For Jonathan Kiefer at the Faster Times, "there's something unsatisfying in how the movie hurries through its pretext, as if too dignified to dwell on the infamous event itself, in order to make a nest in the courtroom and lecture the audience on what to think about what happened thereafter."
"Who even makes quiet, methodical pictures about historical events anymore?" wonders Movieline's Stephanie Zacharek. "The Conspirator does feel like Redford's bid for elder-statesman, serious-filmmaker status, and maybe that bid is a little naked. But so what? For every awkward misstep the movie takes — and for every static courtroom scene that might tread dangerously close to putting you to sleep — Redford's earnestness at least shows that he thinks about what it means to be a decent citizen, and that he understands that having a sense of where we've been as a nation might have some bearing on where we're headed."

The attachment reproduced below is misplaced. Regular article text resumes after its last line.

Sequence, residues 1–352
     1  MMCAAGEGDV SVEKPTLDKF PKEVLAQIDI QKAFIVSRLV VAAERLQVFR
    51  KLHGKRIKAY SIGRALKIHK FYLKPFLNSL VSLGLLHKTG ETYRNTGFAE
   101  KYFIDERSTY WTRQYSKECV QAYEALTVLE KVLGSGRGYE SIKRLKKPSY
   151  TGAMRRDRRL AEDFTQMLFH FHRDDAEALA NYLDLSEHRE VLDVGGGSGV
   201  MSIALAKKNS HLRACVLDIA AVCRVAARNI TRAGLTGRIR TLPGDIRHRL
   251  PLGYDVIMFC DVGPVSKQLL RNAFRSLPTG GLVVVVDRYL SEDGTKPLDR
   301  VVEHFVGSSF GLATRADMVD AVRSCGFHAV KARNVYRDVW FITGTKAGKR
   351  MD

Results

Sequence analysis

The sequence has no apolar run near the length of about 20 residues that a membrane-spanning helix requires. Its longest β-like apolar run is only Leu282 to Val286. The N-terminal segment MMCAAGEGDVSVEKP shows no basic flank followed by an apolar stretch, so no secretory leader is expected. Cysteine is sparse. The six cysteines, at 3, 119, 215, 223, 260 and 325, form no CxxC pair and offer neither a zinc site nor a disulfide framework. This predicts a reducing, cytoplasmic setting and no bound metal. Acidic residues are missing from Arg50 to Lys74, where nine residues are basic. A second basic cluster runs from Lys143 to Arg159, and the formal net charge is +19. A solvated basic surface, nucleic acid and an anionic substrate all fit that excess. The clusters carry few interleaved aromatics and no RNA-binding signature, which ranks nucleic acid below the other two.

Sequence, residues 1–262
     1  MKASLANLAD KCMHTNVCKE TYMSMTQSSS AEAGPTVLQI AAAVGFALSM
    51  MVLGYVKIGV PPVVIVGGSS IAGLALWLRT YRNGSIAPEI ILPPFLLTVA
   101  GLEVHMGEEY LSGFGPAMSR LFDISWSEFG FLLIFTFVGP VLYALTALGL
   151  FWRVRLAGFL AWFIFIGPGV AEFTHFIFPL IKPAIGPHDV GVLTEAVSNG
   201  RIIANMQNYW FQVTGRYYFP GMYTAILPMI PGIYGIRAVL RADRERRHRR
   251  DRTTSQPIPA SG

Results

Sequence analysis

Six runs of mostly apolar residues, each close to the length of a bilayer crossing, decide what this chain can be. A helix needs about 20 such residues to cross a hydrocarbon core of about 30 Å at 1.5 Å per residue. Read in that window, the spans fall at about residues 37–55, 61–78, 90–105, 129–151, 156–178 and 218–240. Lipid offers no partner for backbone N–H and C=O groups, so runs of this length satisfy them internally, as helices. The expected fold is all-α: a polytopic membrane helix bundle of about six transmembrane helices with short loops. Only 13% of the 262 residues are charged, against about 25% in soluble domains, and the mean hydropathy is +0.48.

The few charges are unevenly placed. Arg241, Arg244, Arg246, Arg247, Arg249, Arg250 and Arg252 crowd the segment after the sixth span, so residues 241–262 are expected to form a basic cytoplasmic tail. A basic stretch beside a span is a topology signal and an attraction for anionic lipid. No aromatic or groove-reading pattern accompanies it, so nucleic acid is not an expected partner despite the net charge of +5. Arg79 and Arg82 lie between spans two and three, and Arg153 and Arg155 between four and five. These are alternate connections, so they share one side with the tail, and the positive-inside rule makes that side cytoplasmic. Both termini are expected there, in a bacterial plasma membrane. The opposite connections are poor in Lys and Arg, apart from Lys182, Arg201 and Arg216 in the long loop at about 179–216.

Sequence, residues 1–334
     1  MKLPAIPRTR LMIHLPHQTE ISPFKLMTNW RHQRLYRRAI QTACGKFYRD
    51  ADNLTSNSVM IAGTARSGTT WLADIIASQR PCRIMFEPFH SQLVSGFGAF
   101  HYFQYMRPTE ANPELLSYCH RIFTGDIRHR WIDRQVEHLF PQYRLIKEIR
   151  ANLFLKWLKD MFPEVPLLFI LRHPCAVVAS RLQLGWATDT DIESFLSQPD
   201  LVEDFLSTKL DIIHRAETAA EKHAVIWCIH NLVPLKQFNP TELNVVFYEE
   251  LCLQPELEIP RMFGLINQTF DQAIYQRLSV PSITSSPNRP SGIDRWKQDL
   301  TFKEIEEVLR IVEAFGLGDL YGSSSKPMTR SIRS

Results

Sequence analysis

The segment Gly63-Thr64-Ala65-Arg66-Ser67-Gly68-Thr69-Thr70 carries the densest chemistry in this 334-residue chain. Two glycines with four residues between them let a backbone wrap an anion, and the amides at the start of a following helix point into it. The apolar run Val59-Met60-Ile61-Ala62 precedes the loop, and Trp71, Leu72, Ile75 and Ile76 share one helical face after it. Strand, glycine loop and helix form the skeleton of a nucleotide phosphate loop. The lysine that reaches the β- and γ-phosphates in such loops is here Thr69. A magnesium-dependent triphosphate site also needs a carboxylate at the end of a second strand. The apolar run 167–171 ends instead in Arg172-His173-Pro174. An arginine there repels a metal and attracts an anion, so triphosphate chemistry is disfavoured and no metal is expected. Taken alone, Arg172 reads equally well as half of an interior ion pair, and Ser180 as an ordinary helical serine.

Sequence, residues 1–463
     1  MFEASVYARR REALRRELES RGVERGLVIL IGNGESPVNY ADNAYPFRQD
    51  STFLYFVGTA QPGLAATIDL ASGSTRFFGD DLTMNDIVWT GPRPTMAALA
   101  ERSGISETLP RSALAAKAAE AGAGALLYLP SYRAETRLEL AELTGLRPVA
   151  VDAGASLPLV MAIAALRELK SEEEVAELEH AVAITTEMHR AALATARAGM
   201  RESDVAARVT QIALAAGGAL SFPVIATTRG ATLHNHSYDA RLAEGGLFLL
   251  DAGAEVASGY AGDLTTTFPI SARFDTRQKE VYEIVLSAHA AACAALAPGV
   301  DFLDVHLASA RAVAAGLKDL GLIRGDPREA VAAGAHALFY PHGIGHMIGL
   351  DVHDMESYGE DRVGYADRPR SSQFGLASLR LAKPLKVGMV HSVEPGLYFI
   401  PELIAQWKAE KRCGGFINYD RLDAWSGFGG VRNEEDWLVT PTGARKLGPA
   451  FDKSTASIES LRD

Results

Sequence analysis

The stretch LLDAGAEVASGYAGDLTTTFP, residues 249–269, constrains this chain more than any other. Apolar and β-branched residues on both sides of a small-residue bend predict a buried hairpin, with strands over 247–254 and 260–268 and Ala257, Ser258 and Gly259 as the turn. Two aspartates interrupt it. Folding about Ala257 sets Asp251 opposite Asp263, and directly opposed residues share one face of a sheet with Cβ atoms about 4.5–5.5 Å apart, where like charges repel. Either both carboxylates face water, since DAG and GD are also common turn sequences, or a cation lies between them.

"Wright does a game job of evincing Mary's moral and spiritual panic," writes Paul Schrodt in Slant. "How does she prove her innocence without giving her own son up for execution? But if she never quite rises to the challenge of, say, Sean Penn's moral ambiguity in Dead Man Walking, it's because Redford is less interested in Mary as a real, living person than as an abstraction of US history."
"From the hurried opening that details the events on the night of the assassination to the arguments and counter-arguments of the courtroom procedural, The Conspirator rarely welcomes the viewer into its activities," finds Marjorie Baumgarten in the Austin Chronicle.
Updates, 4/15: Slate's Dana Stevens: "It's easy to imagine the bulleted list of questions to be handed out afterwards for high-school civics students to ponder: What is a writ of habeas corpus? But once you accustom yourself to this film's unhurried rhythm and old-fashioned Hollywood stolidity, The Conspirator is not without its pleasures."
More from Ty Burr (Boston Globe, 2/4), Roger Ebert (Chicago Sun-Times, 3/4), Jen Graves (Stranger), Matt Prigge (Philadelphia Weekly), Nathan Rabin (AV Club, C-), AO Scott (New York Times) and Armond White (New York Press).